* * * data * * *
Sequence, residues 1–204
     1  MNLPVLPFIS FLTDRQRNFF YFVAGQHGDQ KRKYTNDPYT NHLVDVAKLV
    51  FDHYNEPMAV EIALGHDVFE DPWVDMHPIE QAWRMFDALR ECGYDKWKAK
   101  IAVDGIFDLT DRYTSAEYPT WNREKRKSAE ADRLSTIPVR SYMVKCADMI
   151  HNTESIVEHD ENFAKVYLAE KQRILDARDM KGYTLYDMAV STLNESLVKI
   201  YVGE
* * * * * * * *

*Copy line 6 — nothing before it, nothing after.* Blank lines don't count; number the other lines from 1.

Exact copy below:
   201  YVGE